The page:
Skip to main content

NextJS 14: A closer look at the latest enhancements and announcements

Released on October 26, 2023, NextJS 14 marked a milestone with a host of noteworthy announcements that accompanied this eagerly awaited update. In this release, developers can anticipate a range of impactful features and improvements designed to enhance the overall user experience and streamline development processes. Let’s delve into some of the key highlights introduced with NextJS 14.

NextJS 14 - What’s new?NextJS 14 was announced at the NextJS conf and released at the same time. It brings a lot of changes but most of them are not new features.

Let’s take a quick look.

1. Turbopack

Most significant work was done to move the compiler to Turbopack. Tubopack is the underlying Rust engine used to run your NextJS application.
According to the numbers provided by Vercel, we get up to 53.3% faster local server startup and up to 94.7% faster code updates with fast refresh.

To use it locally run `next dev --turbo`

The work is not 100% complete so the flag is still needed to use it but Vercel says it will move to default when they can run 100% of their internal tests successfully.

You can follow the progress at

2. Server Actions

Server Actions has been move to “stable” and you are now encourage to use them. The idea behind server action is that you can call a function instead of an API route. To use it, you can create the function in a file with "user server" or add it in the function itself - even from a Client Component.

Here is an example:

export default function Page() {
async function create(formData: FormData) {
'use server';
const id = await createItem(formData);
} return (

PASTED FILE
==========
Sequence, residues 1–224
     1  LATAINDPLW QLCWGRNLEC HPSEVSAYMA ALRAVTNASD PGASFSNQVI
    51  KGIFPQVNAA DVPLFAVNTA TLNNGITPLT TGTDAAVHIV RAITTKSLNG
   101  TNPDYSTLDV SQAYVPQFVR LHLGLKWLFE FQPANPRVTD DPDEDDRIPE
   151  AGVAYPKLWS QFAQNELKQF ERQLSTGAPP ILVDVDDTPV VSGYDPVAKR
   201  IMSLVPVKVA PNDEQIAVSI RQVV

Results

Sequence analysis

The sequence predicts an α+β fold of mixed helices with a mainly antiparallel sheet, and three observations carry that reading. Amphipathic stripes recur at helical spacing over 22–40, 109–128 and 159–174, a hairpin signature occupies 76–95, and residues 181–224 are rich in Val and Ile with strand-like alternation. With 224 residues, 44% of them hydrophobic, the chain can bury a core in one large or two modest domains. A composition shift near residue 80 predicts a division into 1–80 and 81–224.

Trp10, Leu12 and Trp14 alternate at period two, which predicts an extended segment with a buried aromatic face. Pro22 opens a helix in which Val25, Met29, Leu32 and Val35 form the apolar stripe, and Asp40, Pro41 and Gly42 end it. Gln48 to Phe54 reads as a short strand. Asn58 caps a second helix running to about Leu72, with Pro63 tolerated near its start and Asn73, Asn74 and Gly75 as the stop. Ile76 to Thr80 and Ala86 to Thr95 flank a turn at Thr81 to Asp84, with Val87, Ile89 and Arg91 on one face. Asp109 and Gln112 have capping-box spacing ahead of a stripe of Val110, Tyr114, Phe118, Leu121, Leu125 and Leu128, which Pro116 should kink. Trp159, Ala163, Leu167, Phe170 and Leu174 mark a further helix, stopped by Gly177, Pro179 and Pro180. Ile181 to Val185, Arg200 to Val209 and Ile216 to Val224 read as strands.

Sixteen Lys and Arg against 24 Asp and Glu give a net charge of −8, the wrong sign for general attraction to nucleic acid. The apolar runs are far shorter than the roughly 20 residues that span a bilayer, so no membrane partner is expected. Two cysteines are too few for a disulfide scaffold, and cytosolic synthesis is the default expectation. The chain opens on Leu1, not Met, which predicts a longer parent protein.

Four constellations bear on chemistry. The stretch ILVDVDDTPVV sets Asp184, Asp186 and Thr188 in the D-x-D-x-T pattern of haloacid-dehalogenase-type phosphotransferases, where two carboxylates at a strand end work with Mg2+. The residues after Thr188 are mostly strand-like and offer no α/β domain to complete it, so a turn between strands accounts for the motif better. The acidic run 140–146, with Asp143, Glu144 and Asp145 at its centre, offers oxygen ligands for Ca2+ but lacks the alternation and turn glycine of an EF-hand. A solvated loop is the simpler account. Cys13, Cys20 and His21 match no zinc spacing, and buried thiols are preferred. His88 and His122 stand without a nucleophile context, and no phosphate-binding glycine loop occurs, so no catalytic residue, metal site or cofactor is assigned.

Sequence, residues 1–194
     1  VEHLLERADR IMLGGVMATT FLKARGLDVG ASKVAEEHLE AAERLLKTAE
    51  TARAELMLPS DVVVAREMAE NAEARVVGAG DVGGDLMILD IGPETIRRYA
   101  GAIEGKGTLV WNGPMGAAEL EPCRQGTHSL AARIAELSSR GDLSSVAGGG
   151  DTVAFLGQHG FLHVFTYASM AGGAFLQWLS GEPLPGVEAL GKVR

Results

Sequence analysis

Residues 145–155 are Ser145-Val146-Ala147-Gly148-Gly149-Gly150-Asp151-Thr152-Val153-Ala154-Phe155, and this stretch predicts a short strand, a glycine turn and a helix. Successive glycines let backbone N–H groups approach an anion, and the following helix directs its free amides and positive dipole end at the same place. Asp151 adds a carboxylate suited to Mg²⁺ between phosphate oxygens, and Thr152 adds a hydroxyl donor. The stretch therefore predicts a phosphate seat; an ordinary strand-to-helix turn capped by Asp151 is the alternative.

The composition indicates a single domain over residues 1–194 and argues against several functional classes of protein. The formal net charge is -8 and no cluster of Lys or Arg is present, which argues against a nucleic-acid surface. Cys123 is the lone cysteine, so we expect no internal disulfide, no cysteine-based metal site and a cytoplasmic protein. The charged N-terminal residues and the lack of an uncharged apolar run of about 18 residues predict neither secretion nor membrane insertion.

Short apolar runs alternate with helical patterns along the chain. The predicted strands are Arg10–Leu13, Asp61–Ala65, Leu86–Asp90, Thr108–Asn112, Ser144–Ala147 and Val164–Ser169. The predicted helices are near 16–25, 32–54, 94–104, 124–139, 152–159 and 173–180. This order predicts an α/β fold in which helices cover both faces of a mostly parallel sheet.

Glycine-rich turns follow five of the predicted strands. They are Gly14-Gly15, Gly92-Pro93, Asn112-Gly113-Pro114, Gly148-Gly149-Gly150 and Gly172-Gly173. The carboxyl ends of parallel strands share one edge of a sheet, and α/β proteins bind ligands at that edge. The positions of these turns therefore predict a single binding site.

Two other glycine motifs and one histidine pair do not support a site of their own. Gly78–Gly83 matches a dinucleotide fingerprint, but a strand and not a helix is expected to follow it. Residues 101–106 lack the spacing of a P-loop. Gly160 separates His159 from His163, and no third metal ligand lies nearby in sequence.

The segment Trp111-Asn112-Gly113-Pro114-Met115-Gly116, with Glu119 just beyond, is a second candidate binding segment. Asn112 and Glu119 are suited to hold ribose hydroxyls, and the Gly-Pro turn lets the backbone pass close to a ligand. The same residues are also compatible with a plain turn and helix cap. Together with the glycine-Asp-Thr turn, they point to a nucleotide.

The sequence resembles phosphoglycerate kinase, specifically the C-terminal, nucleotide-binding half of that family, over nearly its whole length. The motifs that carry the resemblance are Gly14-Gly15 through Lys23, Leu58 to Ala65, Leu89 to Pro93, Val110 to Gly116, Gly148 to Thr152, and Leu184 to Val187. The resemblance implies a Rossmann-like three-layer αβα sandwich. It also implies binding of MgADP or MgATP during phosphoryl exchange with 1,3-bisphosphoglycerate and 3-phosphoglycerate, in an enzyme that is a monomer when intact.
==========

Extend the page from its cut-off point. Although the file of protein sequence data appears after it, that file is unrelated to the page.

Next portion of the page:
<form action={create}>
<input type="text" name="name" />
<button type="submit">Submit</button>

Server Actions are deeply integrated into the entire App Router model so you can:

  • Revalidate cached data with revalidatePath() or revalidateTag()
  • Redirect to a different route with redirect()
  • Send and read cookies through cookies()
  • Handle optimistic UI updates with useOptimistic()
  • Catch and display server errors with useFormState()
  • Display loading states on the client with useFormStatus()

3. Partiel Prerendering

This feature is still in preview so you might find some bugs with it.
The idea behind it is to provide speed of static rendering but support fully dynamic response.

It is built on the React:

< Suspense />

Here is an example:

 export default function Page() {
return (
<h1>My Store</h1>
<Suspense fallback={<CartSkeleton />}>
<ShoppingCart />
<Banner />
<Suspense fallback={<ProductListSkeleton />}>
<Recommendations />
<NewProducts />

With partial rendering enabled, this page generates a static shell based on the <Suspense /> boundaries. The fallback is pre-rendered then replace with dynamic components, like reading cookies to determine the cart.It is still under active development and will be coming soon in a minor release.

4. NextJS Learn

Vercel has now created a full set of courses to teach users how to learn NextJS. Fully available for free at

You can find everything from Router, Styling with Tailwind CSS, Optimizing Font and Images, Layout, Pages, Navigation, DB setup, Streaming, Error handling and more...

5. Other

There are other smaller changes worth mentioning:

  • Some deprecations and addition to the Metadata API where some elements are moved from string to objects
  • Minimal Node version is now 18.17
  • Some imports have moved


This was a large effort provided by around to 500 contributers so, even if the feature set is not very large, there is a lot of improvements that we don’t see.
After some limited testing, I can say that it is very stable and I like those Server Actions a lot and, most importantly, upgrade from later v13 to v14 has been without issues for me. Note that all my upgrades where from applications running on 13.4+ with App Router.

Thanks for reading. 

Til toppen